After Cole takes to doing this, whenever Josephine gets in swatches of sample fabrics from merchants she always passes them on to Cole when she’s done with them so that he can have these various patches of strange, exotic fabrics.

This is all well and good of course, but Cullen also puts in an effort to make sure that Cole at least has few pieces of real armour among all this, or at least protective runes that can be added to his clothes so that he’s prepared for all the people that tend to want to kill you when you travel with the Inquisitor.

Cole even ends up with some of Dorian’s old robes after he decides he simply cannot be seen in them anymore, and Cole loves wearing them on rainy days because the water slicks off the tough leather perfectly, though he never manages to figure out all the buckles.

This just becomes something that people do without thinking about it, because old clothes need to go somewhere and Cole always seems surprised and thrilled when he gets gifts.  Eventually he has enough that if you were to ever go to his little corner in the Herald’s Rest and investigate the crates you’d find a couple filled with all these hand-me-downs, lovingly folded and stored away for later.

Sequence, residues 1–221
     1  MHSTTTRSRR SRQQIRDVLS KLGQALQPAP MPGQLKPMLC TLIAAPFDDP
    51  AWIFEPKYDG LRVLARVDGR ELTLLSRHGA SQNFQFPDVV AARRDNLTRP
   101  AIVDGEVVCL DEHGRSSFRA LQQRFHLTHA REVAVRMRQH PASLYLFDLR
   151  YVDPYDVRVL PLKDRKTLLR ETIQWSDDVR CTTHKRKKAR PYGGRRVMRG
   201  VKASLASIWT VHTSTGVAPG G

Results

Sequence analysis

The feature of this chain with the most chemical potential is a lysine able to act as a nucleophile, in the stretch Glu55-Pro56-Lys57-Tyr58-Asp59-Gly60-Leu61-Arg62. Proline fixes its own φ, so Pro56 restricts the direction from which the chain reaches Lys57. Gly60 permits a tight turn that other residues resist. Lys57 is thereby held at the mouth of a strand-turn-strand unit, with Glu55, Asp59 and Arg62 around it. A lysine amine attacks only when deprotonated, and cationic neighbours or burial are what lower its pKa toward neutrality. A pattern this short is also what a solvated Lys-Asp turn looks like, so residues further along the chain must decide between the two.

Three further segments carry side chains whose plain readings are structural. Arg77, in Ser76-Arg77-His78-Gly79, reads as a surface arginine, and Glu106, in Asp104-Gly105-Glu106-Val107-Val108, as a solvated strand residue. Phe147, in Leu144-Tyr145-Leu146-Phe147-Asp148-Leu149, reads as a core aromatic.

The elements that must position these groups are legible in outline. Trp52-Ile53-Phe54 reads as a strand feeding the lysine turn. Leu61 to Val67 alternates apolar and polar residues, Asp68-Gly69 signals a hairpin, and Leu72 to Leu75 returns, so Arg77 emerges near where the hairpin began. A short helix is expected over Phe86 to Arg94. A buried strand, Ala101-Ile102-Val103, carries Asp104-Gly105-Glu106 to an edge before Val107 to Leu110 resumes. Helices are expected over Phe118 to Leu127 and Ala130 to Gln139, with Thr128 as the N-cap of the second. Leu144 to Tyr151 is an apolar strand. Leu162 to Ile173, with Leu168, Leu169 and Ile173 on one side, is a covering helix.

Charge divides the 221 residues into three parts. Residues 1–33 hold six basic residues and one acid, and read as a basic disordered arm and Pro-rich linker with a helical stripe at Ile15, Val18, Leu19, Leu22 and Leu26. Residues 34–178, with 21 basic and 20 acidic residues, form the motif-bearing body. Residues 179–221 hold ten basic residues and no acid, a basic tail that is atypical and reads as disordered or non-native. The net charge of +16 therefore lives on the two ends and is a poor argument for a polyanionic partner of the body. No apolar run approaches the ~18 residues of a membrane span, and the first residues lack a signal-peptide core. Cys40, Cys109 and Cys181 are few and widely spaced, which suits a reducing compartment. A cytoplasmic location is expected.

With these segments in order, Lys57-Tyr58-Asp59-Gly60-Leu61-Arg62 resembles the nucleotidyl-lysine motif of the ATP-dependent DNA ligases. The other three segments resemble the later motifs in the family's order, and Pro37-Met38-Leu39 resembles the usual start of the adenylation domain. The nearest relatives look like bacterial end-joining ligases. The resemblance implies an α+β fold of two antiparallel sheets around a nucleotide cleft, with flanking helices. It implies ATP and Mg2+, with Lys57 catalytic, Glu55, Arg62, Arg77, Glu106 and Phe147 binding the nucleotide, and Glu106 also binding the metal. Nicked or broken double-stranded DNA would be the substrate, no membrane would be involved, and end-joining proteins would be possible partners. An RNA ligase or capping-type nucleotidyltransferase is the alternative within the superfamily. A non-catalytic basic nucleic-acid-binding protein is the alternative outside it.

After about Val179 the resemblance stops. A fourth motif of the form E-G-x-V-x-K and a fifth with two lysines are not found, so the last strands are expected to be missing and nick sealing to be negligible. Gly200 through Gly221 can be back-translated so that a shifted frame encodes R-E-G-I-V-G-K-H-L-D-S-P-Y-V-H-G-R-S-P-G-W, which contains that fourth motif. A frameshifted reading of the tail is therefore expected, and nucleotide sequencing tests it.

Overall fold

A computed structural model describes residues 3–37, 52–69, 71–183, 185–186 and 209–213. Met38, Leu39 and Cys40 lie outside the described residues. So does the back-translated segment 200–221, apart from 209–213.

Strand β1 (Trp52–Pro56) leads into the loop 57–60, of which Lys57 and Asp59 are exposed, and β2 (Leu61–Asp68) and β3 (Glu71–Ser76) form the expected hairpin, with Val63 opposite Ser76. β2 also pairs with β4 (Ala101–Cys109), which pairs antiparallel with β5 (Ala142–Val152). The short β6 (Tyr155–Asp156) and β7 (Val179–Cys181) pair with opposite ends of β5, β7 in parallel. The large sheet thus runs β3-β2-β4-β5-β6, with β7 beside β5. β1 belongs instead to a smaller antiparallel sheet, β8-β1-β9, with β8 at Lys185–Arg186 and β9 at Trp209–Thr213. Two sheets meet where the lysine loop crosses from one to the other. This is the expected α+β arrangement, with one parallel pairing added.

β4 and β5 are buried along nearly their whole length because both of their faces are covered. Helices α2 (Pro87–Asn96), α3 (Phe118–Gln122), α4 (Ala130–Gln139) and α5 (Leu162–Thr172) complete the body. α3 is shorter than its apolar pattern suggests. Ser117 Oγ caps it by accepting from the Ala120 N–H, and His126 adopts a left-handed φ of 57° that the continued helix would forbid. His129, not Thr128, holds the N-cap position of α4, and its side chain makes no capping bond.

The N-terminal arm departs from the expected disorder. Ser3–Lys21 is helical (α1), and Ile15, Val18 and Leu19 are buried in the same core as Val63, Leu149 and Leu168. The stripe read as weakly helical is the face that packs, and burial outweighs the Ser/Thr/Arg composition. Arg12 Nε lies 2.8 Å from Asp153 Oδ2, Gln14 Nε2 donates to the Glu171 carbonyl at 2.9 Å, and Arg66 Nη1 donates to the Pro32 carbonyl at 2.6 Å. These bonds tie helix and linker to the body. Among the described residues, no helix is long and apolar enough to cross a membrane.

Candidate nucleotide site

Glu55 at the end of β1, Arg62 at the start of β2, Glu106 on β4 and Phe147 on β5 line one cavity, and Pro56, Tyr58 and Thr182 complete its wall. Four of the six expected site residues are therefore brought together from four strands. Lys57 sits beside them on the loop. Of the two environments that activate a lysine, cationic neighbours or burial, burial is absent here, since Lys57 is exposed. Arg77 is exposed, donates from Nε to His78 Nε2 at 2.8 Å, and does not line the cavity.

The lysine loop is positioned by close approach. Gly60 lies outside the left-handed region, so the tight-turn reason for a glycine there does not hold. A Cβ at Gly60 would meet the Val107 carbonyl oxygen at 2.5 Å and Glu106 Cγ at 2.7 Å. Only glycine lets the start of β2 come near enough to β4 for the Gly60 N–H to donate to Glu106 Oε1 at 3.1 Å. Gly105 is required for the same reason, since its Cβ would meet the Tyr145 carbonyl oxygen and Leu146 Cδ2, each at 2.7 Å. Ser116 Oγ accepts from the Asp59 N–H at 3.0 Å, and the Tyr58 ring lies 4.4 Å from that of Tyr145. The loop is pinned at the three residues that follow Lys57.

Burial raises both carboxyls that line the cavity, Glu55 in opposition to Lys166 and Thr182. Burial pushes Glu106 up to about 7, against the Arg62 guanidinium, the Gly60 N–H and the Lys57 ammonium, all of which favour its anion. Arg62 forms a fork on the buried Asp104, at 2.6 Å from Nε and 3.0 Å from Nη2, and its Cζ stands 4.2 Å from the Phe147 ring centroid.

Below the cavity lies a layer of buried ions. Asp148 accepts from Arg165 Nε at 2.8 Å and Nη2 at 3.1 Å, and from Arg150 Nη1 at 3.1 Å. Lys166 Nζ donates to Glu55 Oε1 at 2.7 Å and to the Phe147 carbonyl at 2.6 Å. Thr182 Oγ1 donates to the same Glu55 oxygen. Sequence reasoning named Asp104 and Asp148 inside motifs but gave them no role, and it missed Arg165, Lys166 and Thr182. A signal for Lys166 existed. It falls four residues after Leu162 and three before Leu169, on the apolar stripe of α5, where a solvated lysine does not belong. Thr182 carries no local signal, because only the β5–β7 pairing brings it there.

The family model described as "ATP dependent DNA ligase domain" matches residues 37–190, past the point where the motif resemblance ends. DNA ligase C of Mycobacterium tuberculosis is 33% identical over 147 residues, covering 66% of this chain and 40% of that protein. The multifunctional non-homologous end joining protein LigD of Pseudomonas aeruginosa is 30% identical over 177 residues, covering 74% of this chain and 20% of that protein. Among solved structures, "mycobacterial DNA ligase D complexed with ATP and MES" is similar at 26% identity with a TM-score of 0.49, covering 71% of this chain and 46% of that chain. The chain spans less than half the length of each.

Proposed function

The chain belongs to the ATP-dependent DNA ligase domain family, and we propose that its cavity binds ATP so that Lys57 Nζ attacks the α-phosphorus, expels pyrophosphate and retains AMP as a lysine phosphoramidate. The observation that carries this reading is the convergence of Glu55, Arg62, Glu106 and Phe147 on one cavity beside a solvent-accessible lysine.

By the end he looks like a positive rag doll but he loves it all with every bit of his soul because it’s proof that instead of forgetting about him, his friends think of him at random moments, see something and think that he would like it, and lets him hold little bits of them close to his heart.

When Luna Lovegood is twelve years old, she finds a box full of her mother’s clothes buried in a closet. None of the garments fit her, and almost all bear holes and scorch marks from her mother’s experiments, but Luna salvages what she can. She teaches herself to sew by hand, and pieces scraps together to fashion patchwork robes, as well as dresses and skirts.

Luna’s first attempts are messy and unpolished, with fraying edges and uneven stitches. She wears them with pride, despite her classmates’ teasing, because it’s like carrying a piece of her mother with her.

By fourth year, Luna’s sewing skills have improved enough for her to sew a quilt. After the battle at the Department of Mysteries, when Luna begins to have nightmares for the first time since she was a small child, she wraps it tightly around herself and tries to remember the feeling of being held in her mother’s arms.

Scraps of fabric in every color find their way into the rainbow of Luna’s wedding gown, and Pandora is there to walk her daughter down the aisle. When Luna’s sons are born, she takes apart her first clumsily-sewn garments, and sews the pieces, along with scraps of clothes she and Rolf wore as children, into two small blankets for them.